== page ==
By now we all know breastfeeding is awesome for so many reasons, but for many moms it's just not that simple. The lucky ones will say it's convenient and an amazing bonding experience—but then there are the other moms. The ones who try and try to make breastfeeding work but just don't seem to be able to produce enough milk.
These moms spend the precious newborn days desperately trying to produce more milk—making countless trips to lactation specialists, doctors, health food stores, and pharmacies for prescriptions to help increase milk. All while riddled with feelings of guilt and anxiety for seemingly failing at something that's supposedly so "natural."
As time goes on, these moms push those feelings aside and move forward with caring for their child, but very few forget about this emotional time. So imagine finding out years later that there was a biological reason for your low milk supply, a condition called hypoplasia or insufficient glandular tissue (IGT).
Never heard of it? You wouldn't be alone. Kathleen Huggins, author of "The Nursing Mother's Companion," claims most moms have never even heard of IGT and assume that nursing is going well until their newborn experiences an excessive weight loss or fails to gain weight.
So what is it exactly?
Mammary hypoplasia, also known as insufficient glandular tissue or IGT, impacts an estimated 3-4% of new moms and is a condition that can cause low or no milk production. In cases of hypoplasia, the mother has insufficient glandular tissue in her breasts—her "milk factory" is either missing key parts to its assembly line or is absent altogether.
These moms find they're able to produce varying levels of milk. Some may produce enough, some about half, while others may produce no milk at all.
According to the La Leche League (LLL), the unfortunate reality of hypoplasia is that while it's often easy to recognize in hindsight, the first clue that a mother has insufficient glandular tissue is usually primary lactation failure—her body simply does not produce enough milk. Even when everything else is in place for a good start to breastfeeding, the milk does not "come in" or isn't enough to sustain her baby.
Some of the visual markers of hypoplastic breasts includes:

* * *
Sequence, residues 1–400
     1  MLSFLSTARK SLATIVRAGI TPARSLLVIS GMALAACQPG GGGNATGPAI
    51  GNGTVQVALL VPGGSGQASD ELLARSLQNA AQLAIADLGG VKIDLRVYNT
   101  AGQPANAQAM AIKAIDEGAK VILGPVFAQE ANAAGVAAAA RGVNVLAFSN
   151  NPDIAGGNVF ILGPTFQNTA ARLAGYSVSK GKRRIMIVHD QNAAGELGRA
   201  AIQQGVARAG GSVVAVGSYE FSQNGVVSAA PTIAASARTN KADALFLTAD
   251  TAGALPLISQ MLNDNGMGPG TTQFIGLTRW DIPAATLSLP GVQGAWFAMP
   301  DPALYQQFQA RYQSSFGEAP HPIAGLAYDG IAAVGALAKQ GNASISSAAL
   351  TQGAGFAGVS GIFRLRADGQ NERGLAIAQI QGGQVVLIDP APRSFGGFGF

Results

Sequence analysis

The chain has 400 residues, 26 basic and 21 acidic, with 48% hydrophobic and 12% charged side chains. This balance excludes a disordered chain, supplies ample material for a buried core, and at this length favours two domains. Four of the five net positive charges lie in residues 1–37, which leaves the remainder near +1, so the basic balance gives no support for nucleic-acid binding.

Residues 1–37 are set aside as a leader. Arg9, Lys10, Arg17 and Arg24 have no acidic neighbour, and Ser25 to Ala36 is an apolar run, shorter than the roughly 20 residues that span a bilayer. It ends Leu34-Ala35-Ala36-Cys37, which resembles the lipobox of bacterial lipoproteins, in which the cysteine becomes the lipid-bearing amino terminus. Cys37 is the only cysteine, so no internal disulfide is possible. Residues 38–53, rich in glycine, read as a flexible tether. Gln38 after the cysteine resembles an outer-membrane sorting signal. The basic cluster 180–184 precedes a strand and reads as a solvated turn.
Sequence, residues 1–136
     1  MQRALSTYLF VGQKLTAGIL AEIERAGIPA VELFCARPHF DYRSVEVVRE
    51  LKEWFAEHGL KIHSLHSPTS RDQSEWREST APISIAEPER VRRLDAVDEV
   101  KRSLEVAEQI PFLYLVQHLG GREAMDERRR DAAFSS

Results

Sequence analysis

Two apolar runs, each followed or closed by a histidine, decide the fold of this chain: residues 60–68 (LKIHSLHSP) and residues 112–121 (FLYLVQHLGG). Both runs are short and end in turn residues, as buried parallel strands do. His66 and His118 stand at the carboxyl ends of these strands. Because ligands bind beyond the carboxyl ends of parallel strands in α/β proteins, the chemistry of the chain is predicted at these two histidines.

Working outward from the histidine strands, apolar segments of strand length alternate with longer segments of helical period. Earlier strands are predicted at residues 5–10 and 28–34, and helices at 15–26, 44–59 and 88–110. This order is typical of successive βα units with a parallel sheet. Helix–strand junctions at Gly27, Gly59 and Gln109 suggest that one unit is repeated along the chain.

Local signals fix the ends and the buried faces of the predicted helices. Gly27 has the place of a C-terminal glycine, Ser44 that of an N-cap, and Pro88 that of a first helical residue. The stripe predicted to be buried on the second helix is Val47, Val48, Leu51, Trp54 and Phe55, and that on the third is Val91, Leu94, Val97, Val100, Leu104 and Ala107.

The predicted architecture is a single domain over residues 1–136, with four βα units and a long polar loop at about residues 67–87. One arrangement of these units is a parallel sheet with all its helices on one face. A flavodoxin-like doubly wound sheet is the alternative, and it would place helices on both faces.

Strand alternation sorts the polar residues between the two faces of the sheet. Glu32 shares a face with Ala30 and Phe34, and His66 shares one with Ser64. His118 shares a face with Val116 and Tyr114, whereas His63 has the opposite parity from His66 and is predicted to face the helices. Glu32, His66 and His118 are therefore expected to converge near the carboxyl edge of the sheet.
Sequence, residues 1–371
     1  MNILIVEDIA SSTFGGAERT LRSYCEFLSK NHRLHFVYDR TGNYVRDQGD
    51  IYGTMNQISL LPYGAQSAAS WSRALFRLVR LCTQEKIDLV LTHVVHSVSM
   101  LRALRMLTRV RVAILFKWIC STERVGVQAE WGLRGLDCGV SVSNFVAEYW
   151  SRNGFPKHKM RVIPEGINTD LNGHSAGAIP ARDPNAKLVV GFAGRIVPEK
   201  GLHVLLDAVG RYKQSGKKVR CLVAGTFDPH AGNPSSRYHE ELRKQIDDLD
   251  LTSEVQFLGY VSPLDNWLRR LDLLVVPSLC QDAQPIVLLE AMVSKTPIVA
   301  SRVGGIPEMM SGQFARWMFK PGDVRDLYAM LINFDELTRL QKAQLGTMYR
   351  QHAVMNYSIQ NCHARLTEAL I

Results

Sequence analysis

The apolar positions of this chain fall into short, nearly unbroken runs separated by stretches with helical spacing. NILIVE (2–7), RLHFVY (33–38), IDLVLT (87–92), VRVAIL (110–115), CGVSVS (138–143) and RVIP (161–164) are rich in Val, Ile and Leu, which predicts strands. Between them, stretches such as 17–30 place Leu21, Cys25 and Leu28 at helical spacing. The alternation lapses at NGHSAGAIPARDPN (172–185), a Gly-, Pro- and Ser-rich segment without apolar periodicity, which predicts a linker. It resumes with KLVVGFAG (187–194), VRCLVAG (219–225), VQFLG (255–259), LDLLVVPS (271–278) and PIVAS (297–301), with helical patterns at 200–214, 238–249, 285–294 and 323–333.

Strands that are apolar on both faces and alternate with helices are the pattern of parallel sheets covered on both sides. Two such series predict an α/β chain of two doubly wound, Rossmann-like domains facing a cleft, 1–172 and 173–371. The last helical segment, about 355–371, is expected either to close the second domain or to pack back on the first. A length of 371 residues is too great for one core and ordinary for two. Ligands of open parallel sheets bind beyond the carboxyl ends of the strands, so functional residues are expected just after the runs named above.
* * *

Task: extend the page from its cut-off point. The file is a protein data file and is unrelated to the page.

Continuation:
• Widely spaced breasts (breasts are more than 1.5 inches apart)
• Breast asymmetry (one breast is significantly larger than the other)
• Presence of stretch marks on the breasts, in absence of breast growth, either during puberty or in pregnancy
• Tubular breast shape ("empty sac" appearance)
• Disproportionately large or bulbous areolae
• Absence of breast changes in pregnancy, postpartum, or both
Hypoplastic breasts may also be small or large. It's breast shape, placement, and asymmetry that indicate hypoplasia—not necessarily size. Mothers with breast hypoplasia have breasts that grow very little during pregnancy, if at all, and on the third to fourth day postpartum, their breasts simply don’t fill with milk as they should. These moms find they're able to produce varying levels of milk. Some may produce enough, some about half, while others may produce no milk at all.
If you believe this condition may be something you suffer from, it’s critical to seek out a medical professional who can recognize and diagnose this condition—not all do. And if at first you don't succeed, try someone else.
Moms who are fortunate enough to be diagnosed with hypoplasia/IGT during pregnancy or soon after birth, have the opportunity to learn about ways they can still breastfeed, even with limited milk supply. Whether it's with the use of an at-breast supplementing tool, swapping to a medical grade breast pump, the use of certain prescription medications like Domperidone or herbal supplements such as fenugreek, there are things struggling moms can try.
But most importantly, new moms need to do what's best for them—and that may not always be breastfeeding.
Whether they decide to exclusively pump, supplement breast milk with formula, or swap to formula completely, every mom deserves the same amount of support and encouragement for her decision to feed her baby and be healthy.
Isn't this motherhood thing hard enough as it is?